A mid-Missouri high school has been ordered to restrict some religious activities at schools and to rewrite its handbook as part of a settlement of a complaint filed by a secular organization.
The decree settles a federal court complaint filed in November against the Fayette school district alleging the school violated the Constitution by announcing weekly prayer meetings over the intercom and allowing a Christian group to meet before school, when other clubs could not. It also alleged that the club’s sponsor, teacher Gwen Pope, prayed with the students and displayed personal religious materials in the classroom, The Columbia Daily Tribune reported.
The lawsuit was filed by the American Humanist Association, a student, the student’s mother and a former Fayette student.
The consent decree, issued last month by U.S. District Judge Nannette Laughrey, prohibits faculty sponsors from actively participating in religious activities during student meetings and from placing religion-themed items were students will see them. The district also is required to change its teacher handbook entries on student organizations to specify the proper content of meeting announcements and when student clubs can meet.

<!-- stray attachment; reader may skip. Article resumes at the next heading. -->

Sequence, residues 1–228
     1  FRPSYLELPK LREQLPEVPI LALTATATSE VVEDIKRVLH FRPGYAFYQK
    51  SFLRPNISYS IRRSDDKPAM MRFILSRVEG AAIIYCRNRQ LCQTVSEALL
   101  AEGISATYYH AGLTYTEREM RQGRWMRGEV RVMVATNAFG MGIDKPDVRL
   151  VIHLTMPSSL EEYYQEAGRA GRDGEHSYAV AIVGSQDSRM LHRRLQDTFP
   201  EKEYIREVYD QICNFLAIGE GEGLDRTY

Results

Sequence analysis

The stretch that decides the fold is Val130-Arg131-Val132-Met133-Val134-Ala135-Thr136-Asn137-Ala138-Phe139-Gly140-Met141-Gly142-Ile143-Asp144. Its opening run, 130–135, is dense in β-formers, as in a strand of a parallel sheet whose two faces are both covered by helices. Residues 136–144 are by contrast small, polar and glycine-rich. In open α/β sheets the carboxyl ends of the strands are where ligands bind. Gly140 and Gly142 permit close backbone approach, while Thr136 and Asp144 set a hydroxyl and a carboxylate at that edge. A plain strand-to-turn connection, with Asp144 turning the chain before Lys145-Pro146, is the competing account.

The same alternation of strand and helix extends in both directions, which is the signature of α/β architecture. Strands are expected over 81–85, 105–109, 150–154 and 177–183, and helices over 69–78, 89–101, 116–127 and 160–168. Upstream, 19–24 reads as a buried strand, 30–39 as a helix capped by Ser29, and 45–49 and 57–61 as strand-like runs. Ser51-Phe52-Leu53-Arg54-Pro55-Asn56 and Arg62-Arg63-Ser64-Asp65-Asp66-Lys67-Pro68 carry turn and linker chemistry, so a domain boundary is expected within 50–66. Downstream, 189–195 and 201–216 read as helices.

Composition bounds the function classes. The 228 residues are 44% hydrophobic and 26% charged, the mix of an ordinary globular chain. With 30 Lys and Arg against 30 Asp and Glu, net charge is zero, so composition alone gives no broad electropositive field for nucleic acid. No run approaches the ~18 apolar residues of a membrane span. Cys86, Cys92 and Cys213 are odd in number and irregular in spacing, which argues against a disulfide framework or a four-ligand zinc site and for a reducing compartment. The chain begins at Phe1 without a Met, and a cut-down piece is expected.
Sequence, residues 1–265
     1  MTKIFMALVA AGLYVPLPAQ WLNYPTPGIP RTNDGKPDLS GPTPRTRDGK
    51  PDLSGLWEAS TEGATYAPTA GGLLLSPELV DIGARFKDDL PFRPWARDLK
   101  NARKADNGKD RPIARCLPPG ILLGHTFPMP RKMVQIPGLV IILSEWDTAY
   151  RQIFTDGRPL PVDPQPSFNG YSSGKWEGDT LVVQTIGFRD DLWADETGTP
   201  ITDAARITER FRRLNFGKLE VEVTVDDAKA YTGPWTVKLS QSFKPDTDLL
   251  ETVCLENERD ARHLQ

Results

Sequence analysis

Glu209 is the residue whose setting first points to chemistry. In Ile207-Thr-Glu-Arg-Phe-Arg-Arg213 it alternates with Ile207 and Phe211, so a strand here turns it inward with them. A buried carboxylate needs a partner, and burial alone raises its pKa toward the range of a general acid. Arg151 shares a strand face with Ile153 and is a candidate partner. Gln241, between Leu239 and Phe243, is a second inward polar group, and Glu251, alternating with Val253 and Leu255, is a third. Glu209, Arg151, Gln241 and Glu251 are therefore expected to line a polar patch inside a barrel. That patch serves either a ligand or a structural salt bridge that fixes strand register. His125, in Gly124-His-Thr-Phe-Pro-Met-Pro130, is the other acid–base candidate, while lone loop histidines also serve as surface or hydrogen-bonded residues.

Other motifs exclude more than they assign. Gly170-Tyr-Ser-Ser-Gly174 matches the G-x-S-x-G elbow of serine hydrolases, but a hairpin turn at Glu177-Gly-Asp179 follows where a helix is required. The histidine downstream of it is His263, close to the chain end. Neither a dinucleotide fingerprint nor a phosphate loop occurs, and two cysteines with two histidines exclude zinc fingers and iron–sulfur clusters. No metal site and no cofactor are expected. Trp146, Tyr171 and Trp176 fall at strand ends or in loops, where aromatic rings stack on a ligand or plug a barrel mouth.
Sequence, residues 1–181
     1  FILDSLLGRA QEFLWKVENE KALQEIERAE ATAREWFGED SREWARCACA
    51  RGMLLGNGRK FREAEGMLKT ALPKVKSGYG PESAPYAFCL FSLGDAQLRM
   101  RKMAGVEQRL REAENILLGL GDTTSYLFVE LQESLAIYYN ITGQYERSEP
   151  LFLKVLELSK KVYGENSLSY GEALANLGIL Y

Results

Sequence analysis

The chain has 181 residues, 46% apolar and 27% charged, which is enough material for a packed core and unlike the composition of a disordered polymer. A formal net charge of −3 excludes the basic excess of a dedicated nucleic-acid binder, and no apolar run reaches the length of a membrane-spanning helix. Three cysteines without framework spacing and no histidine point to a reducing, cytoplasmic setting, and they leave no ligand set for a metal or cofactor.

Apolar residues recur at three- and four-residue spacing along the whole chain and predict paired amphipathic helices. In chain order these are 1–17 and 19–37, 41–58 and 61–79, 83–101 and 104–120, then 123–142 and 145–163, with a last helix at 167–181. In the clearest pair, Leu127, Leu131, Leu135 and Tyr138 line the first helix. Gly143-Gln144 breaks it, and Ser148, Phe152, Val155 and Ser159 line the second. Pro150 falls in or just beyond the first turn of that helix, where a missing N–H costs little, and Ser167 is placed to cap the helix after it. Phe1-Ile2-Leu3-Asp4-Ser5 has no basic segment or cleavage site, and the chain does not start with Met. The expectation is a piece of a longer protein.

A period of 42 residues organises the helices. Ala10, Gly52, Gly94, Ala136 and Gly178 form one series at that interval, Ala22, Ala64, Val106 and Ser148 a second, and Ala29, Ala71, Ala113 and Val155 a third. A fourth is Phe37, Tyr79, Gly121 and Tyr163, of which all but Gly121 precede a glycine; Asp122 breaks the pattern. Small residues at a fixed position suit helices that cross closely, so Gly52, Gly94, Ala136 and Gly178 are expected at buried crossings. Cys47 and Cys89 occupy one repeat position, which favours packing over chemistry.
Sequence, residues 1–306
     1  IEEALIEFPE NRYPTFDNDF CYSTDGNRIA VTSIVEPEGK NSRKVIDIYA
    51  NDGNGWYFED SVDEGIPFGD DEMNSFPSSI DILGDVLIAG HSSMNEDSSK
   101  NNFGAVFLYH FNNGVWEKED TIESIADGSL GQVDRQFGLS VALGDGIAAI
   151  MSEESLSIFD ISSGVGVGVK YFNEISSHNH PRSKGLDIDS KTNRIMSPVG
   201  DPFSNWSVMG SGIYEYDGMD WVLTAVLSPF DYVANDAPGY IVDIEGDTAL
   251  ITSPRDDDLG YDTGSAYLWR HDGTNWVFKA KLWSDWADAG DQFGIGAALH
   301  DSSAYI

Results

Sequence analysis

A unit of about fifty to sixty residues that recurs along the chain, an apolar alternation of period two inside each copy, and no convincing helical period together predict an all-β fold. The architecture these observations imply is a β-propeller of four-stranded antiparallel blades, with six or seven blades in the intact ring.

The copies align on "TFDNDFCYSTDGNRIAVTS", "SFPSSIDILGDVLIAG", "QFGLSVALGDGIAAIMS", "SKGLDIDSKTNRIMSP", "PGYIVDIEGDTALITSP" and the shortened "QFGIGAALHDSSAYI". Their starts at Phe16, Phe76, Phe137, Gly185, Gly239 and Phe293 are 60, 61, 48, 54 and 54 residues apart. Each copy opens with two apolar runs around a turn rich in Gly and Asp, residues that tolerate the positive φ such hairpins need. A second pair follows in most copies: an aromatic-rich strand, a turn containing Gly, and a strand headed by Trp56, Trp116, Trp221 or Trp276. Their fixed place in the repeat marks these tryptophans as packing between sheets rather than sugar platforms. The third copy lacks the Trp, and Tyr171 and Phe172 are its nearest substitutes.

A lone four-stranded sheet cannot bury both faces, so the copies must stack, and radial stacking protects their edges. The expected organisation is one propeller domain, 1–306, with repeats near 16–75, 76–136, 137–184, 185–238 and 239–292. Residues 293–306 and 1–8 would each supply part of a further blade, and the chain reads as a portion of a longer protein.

“The Fayette R-III School District shall be permanently enjoined from promoting prayer or religious activity as prohibited by the First Amendment,” according to the decree.
Employees will be allowed to wear religious clothing, jewelry, or other religious items.
The complaint also named former high school principal Darren Rapert, who made the announcements about the meetings of the Christian student group. Rapert and Pope no longer work for the district.
The decree says the school district and the two employees deny all the allegations other than one related to the meeting announcements. The handbook will be modified to make it “abundantly clear” that the school does not endorse religion, Superintendent Tamara Kimball said in a statement. She added it would cost the district more than $41,000 to continue to fight the complaint.
“After months of investigation and interviews the district determined that virtually every allegation made by the plaintiffs was false, misleading or taken out of context,” Kimball said. “As a result, the district agreed that the one allegation we did confirm as accurate, the content of the morning announcement, would be a simple concession to make so we could put this lawsuit behind us and continue our mission of educating students.”
David Niose, legal director for the American Humanist Association, said the consent decree addresses all the plaintiffs’ complaints.
“Teaching is not a stage on which to proselytize to students,” Niose said. “The job is to teach and it’s a secular job.”